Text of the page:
We’ve all experienced the feeling of being disliked, overlooked, dismissed or ignored through various interactions or events in our life.

I vividly remember that first pang of rejection. I was 6 years old. A school friend didn’t invite me to her “Barbie” birthday party. I was devastated when I found out. I didn’t dare ask her or enquire the reason. I took it personally. I wasn’t good enough.

As we move through the stages of life from school, study to work, rejection comes along for the ride.

Post “Barbie” and I can recount not getting into university, rejected for modelling jobs, from being dismissed by a boyfriend to being overlooked for a job or job promotion.

Rejection literally hurts, and it hurt me and ate at my confidence and self worth.

Why does the pain of rejection wound us so deeply?

When scientists had volunteers in an MRI machine and recount a rejection story, they were surprised. Their studies revealed that the same areas of the brain that experience pain are activated when we experience rejection. That’s because the experience of rejection actually piggybacks the neurological pathways to physical pain.

The reason we can feel such intense pain can be explained by evolutionary psychologists that studied primitive man. We once lived in tribes. It was a necessity for our survival and the survival of our race. To be ostracised from the tribe, out alone in the elements and fending for ourselves, would surely mean certain death.

Gone are the sabre tooth tigers, but we still experience this emotional pain and it needs to be soothed. To dream, dare and live large also means some rejection and criticism.

Learning to move through the emotions attached to rejection/criticism is the key to success, and here are a few strategies to give you a healthier and better way to process it:-

#1 Seek your support network

As previously mentioned, getting rejected whether it be socially or romantically destabilises us, and our need to belong. A way to soothe ourselves would have been to reconnect with our tribe and the same goes for today.

Reach out to your core group of friends, work colleagues and family members to strengthen feelings of being loved, cared and valued to emotionally get yourself back on your feet.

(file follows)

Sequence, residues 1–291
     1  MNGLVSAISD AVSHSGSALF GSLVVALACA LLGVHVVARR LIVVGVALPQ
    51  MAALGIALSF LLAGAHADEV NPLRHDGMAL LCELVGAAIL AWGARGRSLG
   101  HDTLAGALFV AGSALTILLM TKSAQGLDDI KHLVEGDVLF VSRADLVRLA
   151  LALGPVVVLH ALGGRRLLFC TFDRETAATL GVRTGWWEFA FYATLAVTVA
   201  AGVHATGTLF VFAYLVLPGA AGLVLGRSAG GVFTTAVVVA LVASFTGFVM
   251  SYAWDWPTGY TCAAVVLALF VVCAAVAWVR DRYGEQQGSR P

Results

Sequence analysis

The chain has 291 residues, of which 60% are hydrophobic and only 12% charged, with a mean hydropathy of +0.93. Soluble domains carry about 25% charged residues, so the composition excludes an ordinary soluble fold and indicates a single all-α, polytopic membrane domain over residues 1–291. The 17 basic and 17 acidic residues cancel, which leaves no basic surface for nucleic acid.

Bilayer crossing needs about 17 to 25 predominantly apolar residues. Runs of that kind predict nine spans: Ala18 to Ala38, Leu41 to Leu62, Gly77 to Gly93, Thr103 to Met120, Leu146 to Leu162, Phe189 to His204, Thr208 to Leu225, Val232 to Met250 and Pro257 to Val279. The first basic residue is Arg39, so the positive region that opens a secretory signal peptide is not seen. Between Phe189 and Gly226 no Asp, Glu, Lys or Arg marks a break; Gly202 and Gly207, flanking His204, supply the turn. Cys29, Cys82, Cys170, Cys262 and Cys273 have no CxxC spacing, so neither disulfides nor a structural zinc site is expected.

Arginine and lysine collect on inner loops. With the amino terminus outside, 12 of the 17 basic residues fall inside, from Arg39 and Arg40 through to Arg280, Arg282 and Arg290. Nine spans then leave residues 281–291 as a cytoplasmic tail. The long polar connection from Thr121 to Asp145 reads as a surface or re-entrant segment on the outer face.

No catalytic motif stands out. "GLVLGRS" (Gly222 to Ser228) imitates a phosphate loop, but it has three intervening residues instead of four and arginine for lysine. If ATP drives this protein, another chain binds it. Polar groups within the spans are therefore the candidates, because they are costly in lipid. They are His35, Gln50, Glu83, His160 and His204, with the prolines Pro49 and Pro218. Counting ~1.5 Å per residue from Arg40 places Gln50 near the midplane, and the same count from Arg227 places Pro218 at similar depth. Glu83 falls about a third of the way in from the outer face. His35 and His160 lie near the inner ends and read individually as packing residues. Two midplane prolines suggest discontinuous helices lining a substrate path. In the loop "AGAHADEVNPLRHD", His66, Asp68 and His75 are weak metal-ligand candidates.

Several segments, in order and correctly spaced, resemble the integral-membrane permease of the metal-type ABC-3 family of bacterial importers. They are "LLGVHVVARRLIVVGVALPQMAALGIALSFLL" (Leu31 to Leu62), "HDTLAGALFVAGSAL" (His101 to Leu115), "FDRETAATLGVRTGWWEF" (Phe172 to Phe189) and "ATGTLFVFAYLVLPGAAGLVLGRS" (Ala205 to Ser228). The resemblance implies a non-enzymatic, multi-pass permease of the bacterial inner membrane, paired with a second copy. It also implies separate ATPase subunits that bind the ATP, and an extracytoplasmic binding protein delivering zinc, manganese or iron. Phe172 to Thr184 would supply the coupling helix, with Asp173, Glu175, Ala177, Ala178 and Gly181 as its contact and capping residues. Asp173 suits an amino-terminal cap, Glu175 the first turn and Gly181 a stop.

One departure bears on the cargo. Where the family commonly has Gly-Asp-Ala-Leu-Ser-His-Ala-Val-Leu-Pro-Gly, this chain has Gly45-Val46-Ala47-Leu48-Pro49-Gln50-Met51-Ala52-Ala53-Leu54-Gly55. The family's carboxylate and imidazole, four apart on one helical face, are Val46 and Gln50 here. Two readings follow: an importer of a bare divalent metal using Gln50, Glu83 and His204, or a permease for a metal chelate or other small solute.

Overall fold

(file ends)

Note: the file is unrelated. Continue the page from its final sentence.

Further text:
#2 Acknowledge the emotion

When we fail to acknowledge our emotions they can lead to terrible physical illnesses. Avoid pushing down this pain as it only perpetuates your suffering. Understanding and coming to terms with rejection can mean tapping into the root cause.

Our fear of rejection and feelings that surface in being rejected are based on some belief. What are your beliefs around rejection? So when someone rejects you is it fear around not being loved, being alone or not being good enough?

I want to stress that this process involves you being kind to yourself. There’s no gold medal for rushing a dialogue with the heart. You are seeking answers within and they may take time to reveal themselves.

#3 Learn and grow from the experience

Whilst rejection might seem like punishment it can also be a hidden gift. Use the experience as an opportunity to revaluate your thoughts, feelings and behaviours to determine ways you can grow and become a better person.

It can also be a time to take stock of the people around you. Who in your life uplifts and inspires you to be your best, and who drags you down into a toxic soup of negativity? Who do you need to move towards, and who do you need to walk away from?

It was the repeated rejections from my early foray into modelling that resulted in full-time work behind the camera as a TV/film casting/TV producer’s co-ordinator at Ogilvy & Mather advertising agency.

We sometimes forget that a rejection is merely an action and not an emotion. You may not be able to control rejection, but you certainly can control the way you mentally and emotionally respond to rejection.

Ultimately knowing the beliefs you have around rejection will help you to heal, to feel lighter and stronger, like an emotional burden has been lifted. Because you will be turned down for all sorts of reasons, and they have nothing to do with who you are as a person.

 

good to feel angry, Fiona CraigFiona Craig is an NLP practitioner & life coach, psychotherapist, business mentor, and published author of the award winning self-help book, “Stuck in a Rut – How to rescue yourself & live your truth” helping women remove the fear, worry and guilt to confidently take the steps towards creating the life they want to live.

Fiona has been interviewed by The Australian Women’s Weekly, Women’s Fitness Magazine and The New Daily and written articles for Collective Magazine, Herald Sun Melbourne, Sunday Life Magazine, Career One, I Am Woman Magazine, plus Mouths Of Mums and other online publications. You can learn more about working with Fiona at www.lifebalancecoach.com.au or call 0405 433 217.